19 When he was set down on the judgment seat, his wife sent unto him, saying, Have thou nothing to do with that just man: for I have suffered many things this day in a dream because of him.
Even Pilate’s wife knew that Jesus was innocent. Had she personally brought the message, this weak man may have feared her more than the Jews, but now he had these trouble-making Jews alone before him who could stir up political unrest unless Pilate granted their wishes. He feared the present Jews more than the absent wife. He was a politician. He would trade off his honor for a political advantage.
But Pilate could not escape the political reality of the moment.20 But the chief priests and elders persuaded the multitude that they should ask Barabbas, and destroy Jesus.
See how the religious leaders of the day deceived and manipulated the people to evil and to sin. The same happens today.
Pilate presses, effeminately, for justice: 21 The governor answered and said unto them, Whether of the twain will ye that I release unto you? They said, Barabbas.
His political scheme is not working. Instead of placating the wicked Jews, he should act on justice. But he is too weak to do that!
22 Pilate saith unto them, What shall I do then with Jesus which is called Christ? They all say unto him, Let him be crucified.
My heart goes out to this pitifully weak man. He really tries, but he falls short.
He makes one last ditch attempt. He foolishly believes that these evil leaders might be swayed by the reminder of justice:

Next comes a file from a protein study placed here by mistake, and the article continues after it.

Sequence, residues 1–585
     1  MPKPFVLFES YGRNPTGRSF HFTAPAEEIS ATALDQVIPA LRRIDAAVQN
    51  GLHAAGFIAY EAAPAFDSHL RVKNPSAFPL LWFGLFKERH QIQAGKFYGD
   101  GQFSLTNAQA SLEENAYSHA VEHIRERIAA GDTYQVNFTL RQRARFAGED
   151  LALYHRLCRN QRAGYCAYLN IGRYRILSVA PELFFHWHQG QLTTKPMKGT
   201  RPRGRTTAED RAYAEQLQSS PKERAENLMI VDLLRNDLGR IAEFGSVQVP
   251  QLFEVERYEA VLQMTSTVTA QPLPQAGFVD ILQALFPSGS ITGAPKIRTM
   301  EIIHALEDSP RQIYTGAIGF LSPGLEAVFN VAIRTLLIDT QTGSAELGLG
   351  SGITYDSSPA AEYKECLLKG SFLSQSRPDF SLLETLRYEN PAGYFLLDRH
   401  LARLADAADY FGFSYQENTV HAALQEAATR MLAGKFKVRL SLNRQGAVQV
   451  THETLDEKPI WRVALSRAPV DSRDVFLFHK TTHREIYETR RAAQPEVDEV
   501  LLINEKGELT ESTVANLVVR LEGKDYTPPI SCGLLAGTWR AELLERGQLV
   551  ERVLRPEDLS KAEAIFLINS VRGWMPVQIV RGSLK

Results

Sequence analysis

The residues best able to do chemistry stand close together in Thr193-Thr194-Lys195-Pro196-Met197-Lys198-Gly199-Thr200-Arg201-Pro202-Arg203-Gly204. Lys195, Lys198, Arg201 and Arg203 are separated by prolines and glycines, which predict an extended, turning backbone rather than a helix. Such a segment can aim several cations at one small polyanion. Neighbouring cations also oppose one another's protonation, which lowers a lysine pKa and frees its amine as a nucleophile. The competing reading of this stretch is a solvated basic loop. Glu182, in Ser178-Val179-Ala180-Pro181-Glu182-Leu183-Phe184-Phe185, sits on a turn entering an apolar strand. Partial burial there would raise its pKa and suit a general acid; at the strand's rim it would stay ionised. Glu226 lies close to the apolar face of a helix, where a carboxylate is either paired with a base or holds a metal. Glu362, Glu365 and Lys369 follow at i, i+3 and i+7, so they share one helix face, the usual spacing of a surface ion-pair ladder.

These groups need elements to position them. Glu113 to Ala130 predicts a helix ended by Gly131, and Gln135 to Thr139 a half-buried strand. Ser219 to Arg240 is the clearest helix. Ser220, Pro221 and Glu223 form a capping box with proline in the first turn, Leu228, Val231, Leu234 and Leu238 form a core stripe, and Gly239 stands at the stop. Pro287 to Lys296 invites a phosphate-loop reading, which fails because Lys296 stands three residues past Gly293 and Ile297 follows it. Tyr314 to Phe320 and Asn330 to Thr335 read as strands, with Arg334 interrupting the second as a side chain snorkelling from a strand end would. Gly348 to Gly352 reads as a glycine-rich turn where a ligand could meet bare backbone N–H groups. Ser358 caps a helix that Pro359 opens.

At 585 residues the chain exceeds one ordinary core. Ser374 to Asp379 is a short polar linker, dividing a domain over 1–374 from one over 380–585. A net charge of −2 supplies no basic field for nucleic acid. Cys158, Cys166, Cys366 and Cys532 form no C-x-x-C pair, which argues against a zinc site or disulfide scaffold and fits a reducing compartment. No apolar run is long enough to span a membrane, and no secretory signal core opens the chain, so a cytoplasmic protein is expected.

23 And the governor said, Why, what evil hath he done? But they cried out the more, saying, Let him be crucified.
Pilate now allows cowardice to overrule his sense of justice.
He now does what politicians are so adept at doing, he passes the responsibility for the coming evil to his tormenters.
24 When Pilate saw that he could prevail nothing, but that rather a tumult was made, he took water, and washed hishands before the multitude, saying, I am innocent of the blood of this just person: see ye to it.
Do you blame Pilate? Would you have done better?
HAVE you done better?
We are Pilate, the Jewish leaders, all the people, and Barabbas wrapped up into one entity.
Like Judas, we have sold out our Lord for personal gain, pride, and sin. We claim to be His friend, yet we denounce Him through our witness among our friends who ridicule Godly values.
Our sins have made us like unto the Jewish leaders in that they have led to the necessity of His dying for us.
We are like Pilate in that we put up a good illusion of doing justice and righteousness, yet we fail to live up to the model, and we pass the responsibility for our failures to others.
We are, especially, Barabbas because we deserve death for our sins, but Christ has died in our stead and paid the penalty of death for us.
For all have sinned, and come short of the glory of God; Romans 3:23 and Romans 6:23 For the wages of sin is death; but the gift of God is eternal life through Jesus Christ our Lord.
Do we know Christ as our Redeemer?
Have we studied to show ourselves approved of God, Friend?